What would a mole of mammal DNA look like? Smell like? Feel like?
How about a mole of plant DNA?
To have a mole of something you need a finite number of regular molecules. 6.022*10^23 to be exact. DNA comes in long chains or little snippets, and depending on its nucleotide makeup would come in different molecular weights even if it was of uniform length. So I don't know if you can even have a 'mole of DNA' in the general sense.
When it's extracted from cells in preparation for sequencing or PCR, it looks a lot like, well, snot.
In regards to looking like snot, I don't think there would be much difference between plant and animal DNA. Feels? Probably slimey.
So maybe I should have stated a mole of human DNA and a mole of cauliflower DNA. Because each species have very similar DNA and each cell in an individual entity such as human have the same length, size DNA but only choose to read a segment of it (This DNA was formed when the person first formed and became a zygote cell). How many moles of cells in a human? So it should be attainable.
DNA is molecule with variable length. Some pieces of DNA are quite long, while some can be quite short. Thus, it makes no sense to talk about "a dozen DNA," nor does it make sense to talk about "a mole of DNA."
Either way, your question is just asking about the physical qualities of a large amount of pure DNA, and doesn't really depend on the interpretation of the word "mole."
Do most single type proteins in mass look like this?
So just say in a human, you say there are many different types of DNA? Is that because there are 23 pairs of different chromosomes and the DNA in them are different? Are all these different types present in the zygote cell? How many different types are there?
It's a cloudy whitish color.
There are 23 pairs of chromosomes, each of different length, and the code carried by each is indeed different. Furthermore, when you extract DNA, you necessarily damage it. What you end up with is not 23 pairs of nice tidy complete DNA strands -- you end up with a mush of millions of broken pieces of DNA of all different lengths. Then you use a gene sequencing machine (and a supercomputer) to fit the jigsaw puzzle back together again.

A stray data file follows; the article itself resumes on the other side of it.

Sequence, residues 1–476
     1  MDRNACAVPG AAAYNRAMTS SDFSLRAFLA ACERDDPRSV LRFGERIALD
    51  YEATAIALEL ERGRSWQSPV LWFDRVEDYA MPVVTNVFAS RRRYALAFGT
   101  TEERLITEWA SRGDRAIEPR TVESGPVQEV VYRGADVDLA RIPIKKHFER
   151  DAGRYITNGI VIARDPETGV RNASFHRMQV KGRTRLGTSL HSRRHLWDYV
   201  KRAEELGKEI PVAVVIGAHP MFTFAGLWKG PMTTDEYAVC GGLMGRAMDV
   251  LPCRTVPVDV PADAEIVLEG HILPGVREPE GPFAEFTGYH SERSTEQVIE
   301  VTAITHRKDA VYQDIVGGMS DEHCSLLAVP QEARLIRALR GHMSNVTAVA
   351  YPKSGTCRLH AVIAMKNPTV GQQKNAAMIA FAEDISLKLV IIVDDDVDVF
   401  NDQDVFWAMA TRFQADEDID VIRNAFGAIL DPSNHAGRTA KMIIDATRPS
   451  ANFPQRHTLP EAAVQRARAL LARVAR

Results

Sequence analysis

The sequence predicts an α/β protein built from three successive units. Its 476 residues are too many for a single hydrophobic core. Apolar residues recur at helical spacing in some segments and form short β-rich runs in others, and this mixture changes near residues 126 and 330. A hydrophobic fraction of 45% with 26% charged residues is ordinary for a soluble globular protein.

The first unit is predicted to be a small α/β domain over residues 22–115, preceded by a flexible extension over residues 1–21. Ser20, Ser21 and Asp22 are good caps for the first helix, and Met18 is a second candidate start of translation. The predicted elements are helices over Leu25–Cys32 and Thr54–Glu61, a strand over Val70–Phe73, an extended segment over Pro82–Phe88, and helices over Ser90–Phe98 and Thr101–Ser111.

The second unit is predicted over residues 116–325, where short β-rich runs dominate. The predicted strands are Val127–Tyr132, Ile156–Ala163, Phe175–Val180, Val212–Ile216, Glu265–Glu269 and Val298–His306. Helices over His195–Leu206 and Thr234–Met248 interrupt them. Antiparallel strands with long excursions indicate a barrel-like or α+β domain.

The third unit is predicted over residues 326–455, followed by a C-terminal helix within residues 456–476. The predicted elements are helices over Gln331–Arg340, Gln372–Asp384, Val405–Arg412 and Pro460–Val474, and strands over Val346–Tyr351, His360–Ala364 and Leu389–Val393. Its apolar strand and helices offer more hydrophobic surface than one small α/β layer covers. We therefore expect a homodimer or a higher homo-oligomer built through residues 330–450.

Isn't snot green by definition?
Only if you've got a cold, I think.
"green" means sinusitis. arildno - do you have some kind of perennial infection?
Not really. At other times, thiough, I would call it "icky-stuff-from-the-nose", rather than "snot".
The PBS documentary "Journey of Man" by Spencer Wells shows this in one scene. (great show, BTW)
Maybe dried snot. If there are no salts or proteins contaminating the preparation, it's actually darned hard to see when completely isolated. Usually just a clear-ish speck on the bottom of the tube that you can only be sure is there when you start reconstituting it with water and see where the water flow changes (in the 10-100 microgram range...how many moles would depend on the size of the DNA strand, which varies with species, but a LOT). Salts in your preparation will leave the pellet looking a bit cloudier...easier to see, but not pure (and then the folks that do the sequencing for you yell at you and send it back to be purified better :grumpy:).
Moonbear - the voice of experience?
That is after you have spun it down. When you lyse cells and the DNA is released, you get very long snotty fibers of DNA. Samples of genomic DNA that have a high concentration can be hard to pipet because of the snotty nature of the sample.
Oops, I realized that I've only dealt with plasmid DNA (to ultimately use as templates for making probes for in situ hybridization), and throw away the snotty genomic DNA in everything I do, so forgot about what that part looks like; I have better recollection of those stubborn pellets.
I'm really digging our highly intellectual discussions of snot. :rofl:
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